Mandatory reporters should use the MRG and their professional judgement, and/or seek advice to assist them in decision making about whether a situation is one of suspected risk of significant harm. Reporters are strongly encouraged to use the MRG except in cases where suspected risk of significant harm is clear.

A child protection report can be made by calling the NSW Child Protection Helpline on 132 111. The Child Protection Helpline is open 24 hours a day, 7 days a week.

For more information on child protection reporting, including mandatory reporting see Reporting and responding to child wellbeing and safety concerns

Care applications to the Children’s Court

Care applications made under the Care Act involve filing a report in the Children’s Court in support of the application. The report provides factual information to support a determination that a child is in need of care and protection and the orders being sought.

Applications to the Children’s Court must be made within three working days after the child is removed from their parents or assumed into care (section 45).

DCJ is responsible for bringing care applications to the Children’s Court. The Court should receive the best information possible to assist in making a decision about a child’s long term needs for care and protection.

The Children’s Court may make a care order if they are satisfied that the child is in need of care and protection for any reason, including:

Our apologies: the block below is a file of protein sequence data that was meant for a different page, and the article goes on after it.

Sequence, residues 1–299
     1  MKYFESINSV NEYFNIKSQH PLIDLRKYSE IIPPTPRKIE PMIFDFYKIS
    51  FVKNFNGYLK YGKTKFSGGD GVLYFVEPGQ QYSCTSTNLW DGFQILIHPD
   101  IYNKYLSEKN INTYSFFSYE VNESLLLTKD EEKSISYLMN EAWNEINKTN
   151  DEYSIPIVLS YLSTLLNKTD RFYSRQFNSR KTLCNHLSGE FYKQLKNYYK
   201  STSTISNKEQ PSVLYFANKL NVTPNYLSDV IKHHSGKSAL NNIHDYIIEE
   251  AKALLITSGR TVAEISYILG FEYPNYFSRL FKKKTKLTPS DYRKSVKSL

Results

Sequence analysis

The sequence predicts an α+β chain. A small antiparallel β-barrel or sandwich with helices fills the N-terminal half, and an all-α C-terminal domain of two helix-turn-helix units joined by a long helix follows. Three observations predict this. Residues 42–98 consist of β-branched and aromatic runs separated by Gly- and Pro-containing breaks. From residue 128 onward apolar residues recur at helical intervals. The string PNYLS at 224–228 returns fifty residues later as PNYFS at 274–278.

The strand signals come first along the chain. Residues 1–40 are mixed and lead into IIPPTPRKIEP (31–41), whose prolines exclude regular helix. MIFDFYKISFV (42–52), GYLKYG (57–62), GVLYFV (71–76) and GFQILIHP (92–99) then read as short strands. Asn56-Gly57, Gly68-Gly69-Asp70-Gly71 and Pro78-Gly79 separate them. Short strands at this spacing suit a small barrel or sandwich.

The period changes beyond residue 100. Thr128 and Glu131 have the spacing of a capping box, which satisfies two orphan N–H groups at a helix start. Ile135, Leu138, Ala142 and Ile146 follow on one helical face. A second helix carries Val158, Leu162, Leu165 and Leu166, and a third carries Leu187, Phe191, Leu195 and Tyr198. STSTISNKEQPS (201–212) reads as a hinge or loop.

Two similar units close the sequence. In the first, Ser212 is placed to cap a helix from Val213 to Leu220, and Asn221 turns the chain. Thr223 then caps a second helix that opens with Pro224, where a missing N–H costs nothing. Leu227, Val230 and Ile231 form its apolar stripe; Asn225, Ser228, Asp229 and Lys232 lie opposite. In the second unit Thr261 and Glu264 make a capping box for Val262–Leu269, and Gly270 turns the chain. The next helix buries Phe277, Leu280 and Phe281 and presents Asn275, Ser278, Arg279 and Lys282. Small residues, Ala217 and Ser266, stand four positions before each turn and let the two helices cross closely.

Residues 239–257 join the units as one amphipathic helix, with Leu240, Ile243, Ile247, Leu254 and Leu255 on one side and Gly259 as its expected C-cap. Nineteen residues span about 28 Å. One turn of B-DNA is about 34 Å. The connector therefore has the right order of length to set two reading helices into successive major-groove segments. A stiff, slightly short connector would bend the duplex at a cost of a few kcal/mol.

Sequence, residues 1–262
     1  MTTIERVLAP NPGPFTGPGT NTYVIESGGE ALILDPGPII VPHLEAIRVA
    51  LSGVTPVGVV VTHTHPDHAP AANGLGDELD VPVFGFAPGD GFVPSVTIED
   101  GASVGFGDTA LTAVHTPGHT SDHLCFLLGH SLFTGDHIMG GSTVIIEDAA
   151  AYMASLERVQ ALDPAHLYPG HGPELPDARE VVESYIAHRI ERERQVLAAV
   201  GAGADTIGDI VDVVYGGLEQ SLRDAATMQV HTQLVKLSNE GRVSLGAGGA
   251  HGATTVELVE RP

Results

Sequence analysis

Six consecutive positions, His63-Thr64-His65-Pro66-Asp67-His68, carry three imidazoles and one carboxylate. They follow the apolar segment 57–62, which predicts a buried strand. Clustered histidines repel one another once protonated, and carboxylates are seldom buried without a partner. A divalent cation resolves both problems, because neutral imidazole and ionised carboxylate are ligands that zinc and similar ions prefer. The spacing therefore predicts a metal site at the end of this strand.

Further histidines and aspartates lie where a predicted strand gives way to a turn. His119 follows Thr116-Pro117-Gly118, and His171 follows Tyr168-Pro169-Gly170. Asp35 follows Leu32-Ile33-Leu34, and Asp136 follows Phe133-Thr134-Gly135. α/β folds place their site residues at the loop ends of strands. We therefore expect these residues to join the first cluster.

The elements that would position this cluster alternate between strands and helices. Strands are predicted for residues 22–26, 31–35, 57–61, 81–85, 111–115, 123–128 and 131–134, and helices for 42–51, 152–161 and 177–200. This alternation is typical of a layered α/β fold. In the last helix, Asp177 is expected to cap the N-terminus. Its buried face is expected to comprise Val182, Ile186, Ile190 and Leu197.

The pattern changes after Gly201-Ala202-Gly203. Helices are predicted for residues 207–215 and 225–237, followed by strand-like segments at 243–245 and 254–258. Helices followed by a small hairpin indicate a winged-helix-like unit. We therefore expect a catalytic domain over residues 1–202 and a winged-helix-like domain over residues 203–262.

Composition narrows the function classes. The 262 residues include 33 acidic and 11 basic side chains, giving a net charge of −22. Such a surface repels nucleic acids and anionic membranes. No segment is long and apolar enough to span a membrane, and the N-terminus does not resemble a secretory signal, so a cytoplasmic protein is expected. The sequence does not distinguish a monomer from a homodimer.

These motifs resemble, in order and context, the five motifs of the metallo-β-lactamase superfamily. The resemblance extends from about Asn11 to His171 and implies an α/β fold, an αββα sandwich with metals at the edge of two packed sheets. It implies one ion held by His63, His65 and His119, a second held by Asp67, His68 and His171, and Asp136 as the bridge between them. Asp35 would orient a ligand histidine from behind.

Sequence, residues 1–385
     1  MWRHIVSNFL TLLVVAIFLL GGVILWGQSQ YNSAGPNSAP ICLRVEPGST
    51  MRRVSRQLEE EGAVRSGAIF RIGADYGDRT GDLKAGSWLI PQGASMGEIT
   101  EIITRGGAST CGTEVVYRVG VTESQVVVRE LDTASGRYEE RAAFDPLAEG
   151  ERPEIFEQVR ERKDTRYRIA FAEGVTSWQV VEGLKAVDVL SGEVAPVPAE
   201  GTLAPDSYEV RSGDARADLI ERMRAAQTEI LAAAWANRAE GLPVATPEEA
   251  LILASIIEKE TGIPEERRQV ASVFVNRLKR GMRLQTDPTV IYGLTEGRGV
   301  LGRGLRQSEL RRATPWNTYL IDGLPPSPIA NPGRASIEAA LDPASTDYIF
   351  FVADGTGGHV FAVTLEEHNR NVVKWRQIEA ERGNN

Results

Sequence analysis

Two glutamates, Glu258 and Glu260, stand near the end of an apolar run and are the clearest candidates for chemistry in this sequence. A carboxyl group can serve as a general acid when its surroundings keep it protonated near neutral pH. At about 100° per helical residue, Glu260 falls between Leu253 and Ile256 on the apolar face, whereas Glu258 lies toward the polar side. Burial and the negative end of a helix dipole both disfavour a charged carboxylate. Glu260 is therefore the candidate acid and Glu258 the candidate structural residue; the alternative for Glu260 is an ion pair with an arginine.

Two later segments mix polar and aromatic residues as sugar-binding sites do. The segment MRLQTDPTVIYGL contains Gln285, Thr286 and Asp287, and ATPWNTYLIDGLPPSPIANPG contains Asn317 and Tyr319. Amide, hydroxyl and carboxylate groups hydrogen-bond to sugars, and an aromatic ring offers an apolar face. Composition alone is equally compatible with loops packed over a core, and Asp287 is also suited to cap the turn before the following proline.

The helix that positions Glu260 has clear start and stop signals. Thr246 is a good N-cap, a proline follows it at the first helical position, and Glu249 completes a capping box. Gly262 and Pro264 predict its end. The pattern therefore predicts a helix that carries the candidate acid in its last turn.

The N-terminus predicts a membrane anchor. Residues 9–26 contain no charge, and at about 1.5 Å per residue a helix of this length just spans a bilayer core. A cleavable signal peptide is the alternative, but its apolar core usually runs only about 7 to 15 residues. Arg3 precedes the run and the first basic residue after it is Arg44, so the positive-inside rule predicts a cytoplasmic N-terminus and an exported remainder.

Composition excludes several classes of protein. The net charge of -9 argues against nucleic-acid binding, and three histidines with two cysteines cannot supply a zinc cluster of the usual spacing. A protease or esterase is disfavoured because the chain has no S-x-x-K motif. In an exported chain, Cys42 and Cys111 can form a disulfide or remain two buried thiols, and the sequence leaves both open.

• There is no parent available to care for the child as a result of a death or incapacity or for any other reason.
  • The child has been or is likely to be physically or sexually abused or ill-treated.
  • The child is suffering or likely to suffer serious psychological harm as a consequence of the domestic environment they are living in.
  • The child’s basic physical, psychological or education needs are not being met by his or her parents or primary care givers (section 71).

The Children’s Court can make a variety of care orders depending on the individual circumstances of the particular case it is dealing with. For example, the Children’s Court can order that a child is subject to supervision (section 76) or that they must attend a medical assessment (section 53).

Further information about Children’s Court proceedings and the specific types of orders available can be found in Courts involving children and young people

Information sharing

Chapter 16A of the Care Act provides the legal basis for many organisations that work with children to share information that relates to a child’s safety, welfare or wellbeing. Under Chapter 16A, information can be shared proactively or in response to a request.

For more on information sharing between prescribed bodies, including the type of information that can be shared and process for sharing information see Information sharing for service coordination